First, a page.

Be that as it may, Oscar night on live TV is another example of the symbiosis between the big and the small screens. Television, instead of killing the movies off (just as movies were supposed to bring about the demise of books and reading, and did not) lives off them and does quite well. TV broadcasts films regularly on many channels; it serves as a last refuge for movies that were not lucky enough to be screened in theaters. Around Oscar night, television has the opportunity to broadcast Oscar winners and nominees of yesteryear and the current year (before they get old enough to be sold for TV). Both HOT and Yes broadcast a number of Oscar movies in recent days, with HOT offering a much larger and more varied choice.
So I spent many hours last week watching movies new (“Gravity,” 10 nominations) and old (“Network,” 10 nominations and 4 Oscars in 1976 – but not Best Picture: “Rocky” got that one). “Gravity” on TV, not on a huge 3-D screen, leaves much to be desired, even by a space-movies freak like me. But “Network” seems like the ideal film for TV viewing, as it’s a vicious satire of American television (and indirectly the American way of life) – especially as Israeli TV, and our way of life, are very much American style.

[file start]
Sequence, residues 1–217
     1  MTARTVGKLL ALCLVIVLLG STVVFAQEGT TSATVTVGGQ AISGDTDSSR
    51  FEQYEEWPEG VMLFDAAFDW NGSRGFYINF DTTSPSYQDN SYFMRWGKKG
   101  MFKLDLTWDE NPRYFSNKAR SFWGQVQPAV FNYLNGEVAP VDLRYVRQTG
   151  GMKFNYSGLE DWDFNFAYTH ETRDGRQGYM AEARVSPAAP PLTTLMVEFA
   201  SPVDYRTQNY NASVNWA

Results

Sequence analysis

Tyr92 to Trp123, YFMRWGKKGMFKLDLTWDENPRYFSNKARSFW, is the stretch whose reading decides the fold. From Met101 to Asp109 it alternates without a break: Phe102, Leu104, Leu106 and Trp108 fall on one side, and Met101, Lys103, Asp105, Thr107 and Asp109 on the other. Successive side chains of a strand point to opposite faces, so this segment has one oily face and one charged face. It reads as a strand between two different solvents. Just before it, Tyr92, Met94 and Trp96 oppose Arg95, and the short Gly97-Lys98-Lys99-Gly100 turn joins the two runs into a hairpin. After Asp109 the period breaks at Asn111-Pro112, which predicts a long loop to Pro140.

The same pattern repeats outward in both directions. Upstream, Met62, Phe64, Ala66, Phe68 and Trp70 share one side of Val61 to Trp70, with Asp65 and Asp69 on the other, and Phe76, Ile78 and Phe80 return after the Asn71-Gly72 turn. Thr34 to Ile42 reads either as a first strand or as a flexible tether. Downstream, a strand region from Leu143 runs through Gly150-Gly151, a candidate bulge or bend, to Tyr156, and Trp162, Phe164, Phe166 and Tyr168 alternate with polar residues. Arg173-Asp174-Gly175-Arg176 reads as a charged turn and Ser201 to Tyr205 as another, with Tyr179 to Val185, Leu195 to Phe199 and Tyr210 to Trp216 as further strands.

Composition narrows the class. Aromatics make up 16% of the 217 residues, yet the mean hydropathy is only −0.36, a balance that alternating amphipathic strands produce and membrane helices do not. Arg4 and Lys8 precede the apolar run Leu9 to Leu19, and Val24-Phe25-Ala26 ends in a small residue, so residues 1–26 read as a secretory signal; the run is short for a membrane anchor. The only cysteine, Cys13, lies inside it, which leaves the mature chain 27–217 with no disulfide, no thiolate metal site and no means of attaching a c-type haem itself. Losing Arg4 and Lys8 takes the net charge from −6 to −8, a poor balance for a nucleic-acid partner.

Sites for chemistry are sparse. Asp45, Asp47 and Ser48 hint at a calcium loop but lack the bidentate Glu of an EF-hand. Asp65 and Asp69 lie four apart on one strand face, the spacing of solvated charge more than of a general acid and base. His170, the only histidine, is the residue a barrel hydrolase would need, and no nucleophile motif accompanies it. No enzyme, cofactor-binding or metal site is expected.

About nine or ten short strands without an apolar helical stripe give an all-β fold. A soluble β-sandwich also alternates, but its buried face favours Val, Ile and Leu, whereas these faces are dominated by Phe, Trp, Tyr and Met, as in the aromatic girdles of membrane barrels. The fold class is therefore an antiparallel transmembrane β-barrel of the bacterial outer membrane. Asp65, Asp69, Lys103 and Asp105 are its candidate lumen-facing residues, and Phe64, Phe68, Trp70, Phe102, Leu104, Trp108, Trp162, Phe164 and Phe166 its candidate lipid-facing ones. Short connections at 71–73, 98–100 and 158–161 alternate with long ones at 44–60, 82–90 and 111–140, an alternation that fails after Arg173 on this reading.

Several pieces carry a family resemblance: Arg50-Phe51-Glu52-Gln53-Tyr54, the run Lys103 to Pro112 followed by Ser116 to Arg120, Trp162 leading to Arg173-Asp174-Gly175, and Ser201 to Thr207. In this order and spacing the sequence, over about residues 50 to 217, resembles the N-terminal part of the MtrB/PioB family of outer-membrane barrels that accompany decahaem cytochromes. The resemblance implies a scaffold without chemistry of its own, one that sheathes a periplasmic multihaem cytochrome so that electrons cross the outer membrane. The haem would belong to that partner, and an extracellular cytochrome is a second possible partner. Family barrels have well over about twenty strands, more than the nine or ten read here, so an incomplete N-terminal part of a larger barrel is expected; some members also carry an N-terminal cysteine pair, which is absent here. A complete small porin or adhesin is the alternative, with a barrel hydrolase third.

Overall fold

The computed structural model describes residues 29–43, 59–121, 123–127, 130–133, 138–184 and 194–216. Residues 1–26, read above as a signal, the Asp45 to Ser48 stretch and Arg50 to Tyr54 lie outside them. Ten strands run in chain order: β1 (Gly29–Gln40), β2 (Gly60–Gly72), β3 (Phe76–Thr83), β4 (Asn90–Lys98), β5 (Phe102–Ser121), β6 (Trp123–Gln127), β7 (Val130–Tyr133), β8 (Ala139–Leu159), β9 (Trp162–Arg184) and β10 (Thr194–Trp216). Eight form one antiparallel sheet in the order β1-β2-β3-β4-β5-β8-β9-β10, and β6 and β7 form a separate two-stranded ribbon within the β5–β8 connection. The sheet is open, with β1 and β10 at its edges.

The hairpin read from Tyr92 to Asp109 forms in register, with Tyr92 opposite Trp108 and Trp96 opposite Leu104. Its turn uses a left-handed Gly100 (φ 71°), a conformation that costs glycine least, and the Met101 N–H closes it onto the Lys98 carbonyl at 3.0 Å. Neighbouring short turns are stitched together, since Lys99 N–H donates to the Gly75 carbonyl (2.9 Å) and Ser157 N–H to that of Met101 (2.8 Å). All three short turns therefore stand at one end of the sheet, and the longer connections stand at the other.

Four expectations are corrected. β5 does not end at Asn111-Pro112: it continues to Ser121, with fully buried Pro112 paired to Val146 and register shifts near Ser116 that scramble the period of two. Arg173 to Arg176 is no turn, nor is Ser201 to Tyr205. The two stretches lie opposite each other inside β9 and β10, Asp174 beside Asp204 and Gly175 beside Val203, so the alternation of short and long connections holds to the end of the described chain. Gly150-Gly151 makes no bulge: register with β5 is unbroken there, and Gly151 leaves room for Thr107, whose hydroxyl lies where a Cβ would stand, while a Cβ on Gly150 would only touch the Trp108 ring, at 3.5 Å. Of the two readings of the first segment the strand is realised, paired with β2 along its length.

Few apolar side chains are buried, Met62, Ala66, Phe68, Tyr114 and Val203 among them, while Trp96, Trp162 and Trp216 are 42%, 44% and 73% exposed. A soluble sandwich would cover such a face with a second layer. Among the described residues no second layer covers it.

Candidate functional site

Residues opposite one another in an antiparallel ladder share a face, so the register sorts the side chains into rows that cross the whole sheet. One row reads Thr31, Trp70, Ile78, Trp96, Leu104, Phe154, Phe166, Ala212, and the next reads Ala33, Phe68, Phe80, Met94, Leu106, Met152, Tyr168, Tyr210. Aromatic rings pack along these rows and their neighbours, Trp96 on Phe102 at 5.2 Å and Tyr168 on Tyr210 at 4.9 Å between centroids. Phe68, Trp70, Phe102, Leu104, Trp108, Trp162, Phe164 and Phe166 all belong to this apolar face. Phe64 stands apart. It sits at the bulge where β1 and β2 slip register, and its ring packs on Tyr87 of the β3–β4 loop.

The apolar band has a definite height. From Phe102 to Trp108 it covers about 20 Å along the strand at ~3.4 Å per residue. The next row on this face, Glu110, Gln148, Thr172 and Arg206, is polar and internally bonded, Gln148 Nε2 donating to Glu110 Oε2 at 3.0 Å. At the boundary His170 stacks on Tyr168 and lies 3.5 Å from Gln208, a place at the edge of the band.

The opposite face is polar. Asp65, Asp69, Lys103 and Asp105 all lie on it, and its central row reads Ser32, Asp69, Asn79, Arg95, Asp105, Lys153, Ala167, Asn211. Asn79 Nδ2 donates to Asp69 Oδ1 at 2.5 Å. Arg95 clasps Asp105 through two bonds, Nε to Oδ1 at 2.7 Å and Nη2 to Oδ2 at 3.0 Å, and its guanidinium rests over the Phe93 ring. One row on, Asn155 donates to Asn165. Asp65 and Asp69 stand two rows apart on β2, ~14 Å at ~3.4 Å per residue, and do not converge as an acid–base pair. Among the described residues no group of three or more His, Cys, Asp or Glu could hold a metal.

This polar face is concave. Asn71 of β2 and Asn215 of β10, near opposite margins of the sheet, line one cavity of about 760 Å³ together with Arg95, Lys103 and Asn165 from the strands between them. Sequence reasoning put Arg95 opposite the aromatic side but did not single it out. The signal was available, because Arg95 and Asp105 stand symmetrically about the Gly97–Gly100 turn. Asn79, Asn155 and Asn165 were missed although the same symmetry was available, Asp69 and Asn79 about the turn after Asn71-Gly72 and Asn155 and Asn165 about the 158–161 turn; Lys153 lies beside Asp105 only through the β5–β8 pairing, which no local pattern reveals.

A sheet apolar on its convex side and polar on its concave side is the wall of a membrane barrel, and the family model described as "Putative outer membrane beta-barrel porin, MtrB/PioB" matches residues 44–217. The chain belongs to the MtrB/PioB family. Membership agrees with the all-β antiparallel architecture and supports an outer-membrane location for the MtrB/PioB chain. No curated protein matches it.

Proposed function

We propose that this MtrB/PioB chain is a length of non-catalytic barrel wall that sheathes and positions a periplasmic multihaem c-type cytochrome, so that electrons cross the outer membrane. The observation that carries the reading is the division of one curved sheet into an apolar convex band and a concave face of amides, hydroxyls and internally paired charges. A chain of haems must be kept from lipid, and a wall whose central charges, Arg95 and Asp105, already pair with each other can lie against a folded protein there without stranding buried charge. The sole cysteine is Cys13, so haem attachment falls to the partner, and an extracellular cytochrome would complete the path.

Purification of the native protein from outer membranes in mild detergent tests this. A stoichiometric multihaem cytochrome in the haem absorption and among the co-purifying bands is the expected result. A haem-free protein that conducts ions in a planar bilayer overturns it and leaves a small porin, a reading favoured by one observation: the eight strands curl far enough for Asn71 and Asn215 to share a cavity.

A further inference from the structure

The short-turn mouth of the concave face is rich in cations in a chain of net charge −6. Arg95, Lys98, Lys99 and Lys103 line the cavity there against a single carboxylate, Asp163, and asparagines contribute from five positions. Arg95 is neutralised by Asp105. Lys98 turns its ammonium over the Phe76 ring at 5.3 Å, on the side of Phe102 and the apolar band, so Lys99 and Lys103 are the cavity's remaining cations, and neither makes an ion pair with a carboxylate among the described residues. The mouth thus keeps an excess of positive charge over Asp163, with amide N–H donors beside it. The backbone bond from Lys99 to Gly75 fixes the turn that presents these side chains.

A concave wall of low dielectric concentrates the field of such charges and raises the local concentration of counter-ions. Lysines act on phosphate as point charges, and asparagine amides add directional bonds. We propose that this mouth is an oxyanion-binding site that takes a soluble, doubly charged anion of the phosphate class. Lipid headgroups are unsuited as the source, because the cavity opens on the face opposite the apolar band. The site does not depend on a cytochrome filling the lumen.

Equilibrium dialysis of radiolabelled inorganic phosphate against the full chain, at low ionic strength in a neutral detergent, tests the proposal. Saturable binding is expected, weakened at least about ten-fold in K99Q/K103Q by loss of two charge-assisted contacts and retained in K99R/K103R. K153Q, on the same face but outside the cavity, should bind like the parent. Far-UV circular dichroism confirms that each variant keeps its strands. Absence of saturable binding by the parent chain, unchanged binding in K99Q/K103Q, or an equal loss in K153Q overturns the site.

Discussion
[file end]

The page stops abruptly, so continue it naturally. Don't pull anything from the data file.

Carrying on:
The other reason to watch “Network” (in my case for the umpteenth time) is a new book, “Mad as Hell: The Making of Network and the Fateful Vision of the Angriest Man in the Movies,” by Dave Itzkoff. The “angriest man in the movies” is screenwriter Paddy Chayefsky, a veteran of the movie, film and theater industry who, in 1976, wrote a screenplay about Howard Beale, a TV news anchor with the fictional UBS network (owned by the fictional CCI corporation), who starts to lose his ratings. When his contract is terminated abruptly (effective in two weeks) he “loses it” on the air, and urges his viewers: “I want you to get up now. I want all of you to get up out of your chairs. I want you to get up right now and go to the window. Open it, and stick your head out, and yell, ‘I’M AS MAD AS HELL, AND I’M NOT GOING TO TAKE THIS ANYMORE!’”